New York University Public Law and Legal Theory Working Papers

Document Type

Article

Comments

44 Wake Forest Law Review 899 (2009)

Abstract

One whose affirmative conduct creates a foreseeable risk of physical harm is subject to the ordinary duty to exercise reasonable care with respect to those who might be foreseeably harmed by the conduct. In exceptional cases, this ordinary duty has been limited by judges as a matter of law. Judges have invoked a variety of public-policy factors to support such a limitation of liability, but have not adequately explained the nature of the justification. Consequently, the Restatement (Third) of Torts: Liability for Physical Harms recognizes that courts can limit duty when “an articulated countervailing principle or policy warrants denying or limiting liability in a particular class of cases,” and then instructs the court to clearly explain why liability should be limited. The Restatement (Third)’s treatment of duty has been sharply criticized for adopting a brand of instrumentalism that is inconsistent with the substantive nature of a tort duty rooted in individual obligations. On this view, a court’s reliance on “public policy” is an economic exercise of cost-benefit analysis that has no place in a rights-based system of private law. Contrary to this view, this article shows that a policy-based limitation of duty does not necessarily entail the type of economic or utilitarian calculus that many find to be controversial. Social value can limit duty within a rights-based tort system as well. In addition to the private interests at stake in the lawsuit, the resolution of a tort claim can affect other interests. Insofar as these interests have normative value that justifies the individual tort right and its correlative duty, they must be recognized by the court as a matter of equality. Insofar as these third-party interests are not all adequately represented by the private litigants, this social value must be accounted for by the judge in the determination of duty. To illustrate, the article reviews cases in which courts have used public-policy factors to determine whether social hosts should incur liability for drunk-driving accidents caused by their inebriated guests after leaving the event. While divided over the issue of whether a social host owes a duty to the third-party accident victim, courts nevertheless evaluate the duty by reference to a common set of social values rooted in the normative concern of individual autonomy. The autonomy interests implicated by the case at hand easily justify the duty, but courts then evaluate whether the duty would have uncertain application in other cases that would unduly restrict the autonomy of others in the community—the type of social-value inquiry that is appropriate in a rights-based tort system. This formulation of the social-value inquiry also has implications for the judge-jury issue, another aspect of the Restatement (Third) approach that has been sharply criticized. For certain types of cases, the social-value inquiry can depend on the facts of the case at hand. These duty determinations are still appropriately made by judges as a matter of law, however, because the court is evaluating the particular claim by reference to categorical (or social) values not otherwise implicated by the other elements of the tort claim. Even though these rulings rely on case-specific facts, the determination is nevertheless categorical in the manner required by the Restatement (Third). The social-value inquiry simply encompasses the full set of legally valued interests that would be affected by the duty and are not otherwise adequately addressed by the tort claim, a policy—indeed, a principle—that must be recognized by a tort system committed to the equal treatment of individuals in the community.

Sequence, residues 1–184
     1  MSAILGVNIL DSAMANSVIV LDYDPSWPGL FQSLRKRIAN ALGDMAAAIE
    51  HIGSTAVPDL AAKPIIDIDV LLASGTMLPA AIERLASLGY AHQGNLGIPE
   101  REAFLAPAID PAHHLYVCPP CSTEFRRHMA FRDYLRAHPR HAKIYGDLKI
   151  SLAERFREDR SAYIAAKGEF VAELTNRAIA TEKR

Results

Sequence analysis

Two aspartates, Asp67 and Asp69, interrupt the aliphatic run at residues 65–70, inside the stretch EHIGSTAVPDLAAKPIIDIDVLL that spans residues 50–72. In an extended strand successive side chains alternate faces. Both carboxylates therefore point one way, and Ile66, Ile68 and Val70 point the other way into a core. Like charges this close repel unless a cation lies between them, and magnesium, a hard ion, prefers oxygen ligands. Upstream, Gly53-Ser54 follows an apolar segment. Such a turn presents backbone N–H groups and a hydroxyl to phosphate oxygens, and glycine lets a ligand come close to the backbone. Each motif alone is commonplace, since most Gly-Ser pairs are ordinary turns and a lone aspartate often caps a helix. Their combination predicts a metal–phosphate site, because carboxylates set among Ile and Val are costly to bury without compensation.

Date of Authorship for this Version

12-2009